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Modulation by a stereo context in learning shape discrimination from motion cue


Vuong,  QC
Department Human Perception, Cognition and Action, Max Planck Institute for Biological Cybernetics, Max Planck Society;

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Vuong, Q. (2001). Modulation by a stereo context in learning shape discrimination from motion cue. Poster presented at Twenty-fourth European Conference on Visual Perception, Kusadasi, Turkey.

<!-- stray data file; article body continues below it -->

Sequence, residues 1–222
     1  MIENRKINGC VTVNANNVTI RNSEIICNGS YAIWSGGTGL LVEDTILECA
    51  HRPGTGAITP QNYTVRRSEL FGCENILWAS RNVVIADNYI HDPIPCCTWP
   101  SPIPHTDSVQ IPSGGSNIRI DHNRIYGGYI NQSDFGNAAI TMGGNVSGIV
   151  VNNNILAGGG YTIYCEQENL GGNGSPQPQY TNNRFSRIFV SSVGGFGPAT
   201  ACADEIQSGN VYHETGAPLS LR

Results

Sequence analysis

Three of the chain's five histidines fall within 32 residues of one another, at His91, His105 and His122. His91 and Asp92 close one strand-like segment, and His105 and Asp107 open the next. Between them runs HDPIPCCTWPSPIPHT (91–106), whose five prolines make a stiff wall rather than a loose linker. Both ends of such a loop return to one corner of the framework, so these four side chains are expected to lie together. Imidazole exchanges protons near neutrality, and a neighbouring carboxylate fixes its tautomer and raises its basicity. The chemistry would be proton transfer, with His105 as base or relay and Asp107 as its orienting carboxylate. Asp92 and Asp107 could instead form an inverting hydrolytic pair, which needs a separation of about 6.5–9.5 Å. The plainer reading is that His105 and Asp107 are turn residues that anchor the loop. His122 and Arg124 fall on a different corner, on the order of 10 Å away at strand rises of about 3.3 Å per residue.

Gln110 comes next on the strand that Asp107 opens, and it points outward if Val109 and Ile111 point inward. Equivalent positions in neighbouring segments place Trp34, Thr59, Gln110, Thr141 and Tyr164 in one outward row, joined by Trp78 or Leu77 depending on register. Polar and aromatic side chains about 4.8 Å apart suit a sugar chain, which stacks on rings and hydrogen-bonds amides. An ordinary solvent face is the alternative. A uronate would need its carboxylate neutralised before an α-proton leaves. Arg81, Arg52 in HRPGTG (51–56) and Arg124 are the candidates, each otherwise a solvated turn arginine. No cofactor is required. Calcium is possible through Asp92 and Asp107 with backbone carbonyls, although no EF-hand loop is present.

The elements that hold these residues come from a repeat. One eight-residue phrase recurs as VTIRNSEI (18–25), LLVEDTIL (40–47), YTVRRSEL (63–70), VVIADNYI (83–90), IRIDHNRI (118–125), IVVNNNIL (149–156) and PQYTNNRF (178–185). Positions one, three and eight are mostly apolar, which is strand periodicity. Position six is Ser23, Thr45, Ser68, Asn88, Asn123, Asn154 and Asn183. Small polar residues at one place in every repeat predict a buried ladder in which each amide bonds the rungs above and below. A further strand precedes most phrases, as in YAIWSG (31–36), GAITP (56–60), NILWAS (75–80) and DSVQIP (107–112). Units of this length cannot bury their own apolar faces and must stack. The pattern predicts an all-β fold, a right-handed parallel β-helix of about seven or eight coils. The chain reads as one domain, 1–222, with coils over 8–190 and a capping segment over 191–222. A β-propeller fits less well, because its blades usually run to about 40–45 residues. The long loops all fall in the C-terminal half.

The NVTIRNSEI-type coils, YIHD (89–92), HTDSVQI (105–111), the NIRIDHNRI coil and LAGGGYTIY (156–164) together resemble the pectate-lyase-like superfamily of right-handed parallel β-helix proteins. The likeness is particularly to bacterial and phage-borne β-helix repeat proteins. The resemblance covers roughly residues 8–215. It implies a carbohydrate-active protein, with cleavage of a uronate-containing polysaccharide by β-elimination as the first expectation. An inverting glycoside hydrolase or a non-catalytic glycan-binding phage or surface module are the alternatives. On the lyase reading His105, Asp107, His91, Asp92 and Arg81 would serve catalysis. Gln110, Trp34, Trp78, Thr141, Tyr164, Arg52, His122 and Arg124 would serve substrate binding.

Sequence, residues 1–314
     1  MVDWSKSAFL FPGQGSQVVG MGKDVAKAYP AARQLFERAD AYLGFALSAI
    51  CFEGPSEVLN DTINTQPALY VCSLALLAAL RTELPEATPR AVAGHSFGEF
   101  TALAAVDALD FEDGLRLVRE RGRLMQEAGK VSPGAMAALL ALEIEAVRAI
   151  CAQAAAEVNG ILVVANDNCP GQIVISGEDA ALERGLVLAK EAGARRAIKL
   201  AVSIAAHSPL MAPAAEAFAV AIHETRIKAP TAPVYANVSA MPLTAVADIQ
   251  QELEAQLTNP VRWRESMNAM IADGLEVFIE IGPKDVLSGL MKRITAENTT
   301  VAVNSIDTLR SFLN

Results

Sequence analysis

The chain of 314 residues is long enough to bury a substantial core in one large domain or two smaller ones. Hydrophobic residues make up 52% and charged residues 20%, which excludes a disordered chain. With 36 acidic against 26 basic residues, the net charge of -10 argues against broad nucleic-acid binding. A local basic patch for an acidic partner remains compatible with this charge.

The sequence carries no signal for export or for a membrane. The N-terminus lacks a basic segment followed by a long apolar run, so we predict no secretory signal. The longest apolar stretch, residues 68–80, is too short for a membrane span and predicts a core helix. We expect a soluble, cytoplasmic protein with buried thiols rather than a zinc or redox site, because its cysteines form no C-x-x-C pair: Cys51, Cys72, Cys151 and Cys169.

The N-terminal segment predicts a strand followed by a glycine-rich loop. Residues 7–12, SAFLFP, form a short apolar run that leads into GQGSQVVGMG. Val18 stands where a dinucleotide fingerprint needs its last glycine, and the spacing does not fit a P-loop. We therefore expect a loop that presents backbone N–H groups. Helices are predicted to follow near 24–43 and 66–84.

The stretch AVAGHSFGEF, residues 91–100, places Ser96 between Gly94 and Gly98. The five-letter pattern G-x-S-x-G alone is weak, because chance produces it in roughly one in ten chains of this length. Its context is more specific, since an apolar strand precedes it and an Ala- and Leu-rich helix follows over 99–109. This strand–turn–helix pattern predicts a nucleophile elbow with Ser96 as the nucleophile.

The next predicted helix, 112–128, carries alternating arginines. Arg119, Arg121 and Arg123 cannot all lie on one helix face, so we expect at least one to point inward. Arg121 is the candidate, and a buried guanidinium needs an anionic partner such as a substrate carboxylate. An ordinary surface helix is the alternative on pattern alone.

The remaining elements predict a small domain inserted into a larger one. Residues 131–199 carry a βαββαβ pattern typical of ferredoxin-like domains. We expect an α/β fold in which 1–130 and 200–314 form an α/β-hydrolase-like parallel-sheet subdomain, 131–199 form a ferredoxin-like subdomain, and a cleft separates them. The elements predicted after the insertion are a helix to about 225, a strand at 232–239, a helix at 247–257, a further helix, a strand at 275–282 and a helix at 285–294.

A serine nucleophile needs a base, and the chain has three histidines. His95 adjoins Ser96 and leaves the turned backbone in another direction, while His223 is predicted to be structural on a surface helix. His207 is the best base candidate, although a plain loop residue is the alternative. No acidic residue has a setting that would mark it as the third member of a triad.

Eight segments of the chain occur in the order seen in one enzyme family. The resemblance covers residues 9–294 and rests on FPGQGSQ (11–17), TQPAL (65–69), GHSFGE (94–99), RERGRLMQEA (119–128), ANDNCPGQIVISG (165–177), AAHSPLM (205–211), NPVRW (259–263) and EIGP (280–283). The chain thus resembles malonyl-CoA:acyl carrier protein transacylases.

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The present study has a twofold purpose: to see whether observers can learn to discriminate curved shapes specified by motion, and to see how their performance is influenced by uninformative contextual stereo information. The stimulus was a random-dot display depicting an oscillating planar or curved surface whose central circular region was modulated to produce a quadratic surface that could depict either a 'saddle' or a 'hill'. The surrounding region was defined by motion and stereo cues. In contrast, the central region only provided motion information since stereo correspondence between dots on the two monocular images was not possible in that region. Consequently, stereo information only provided a context to the motion-specified shape. Moreover, motion information was identical in all contexts. Through feedback trials, observers learned to discriminate between the two shapes in a given stereo context. Following learning, observers were tested in the learned context and a new context. The results indicate that shape discrimination can improve through learning, and that contextual information can modulate task performance.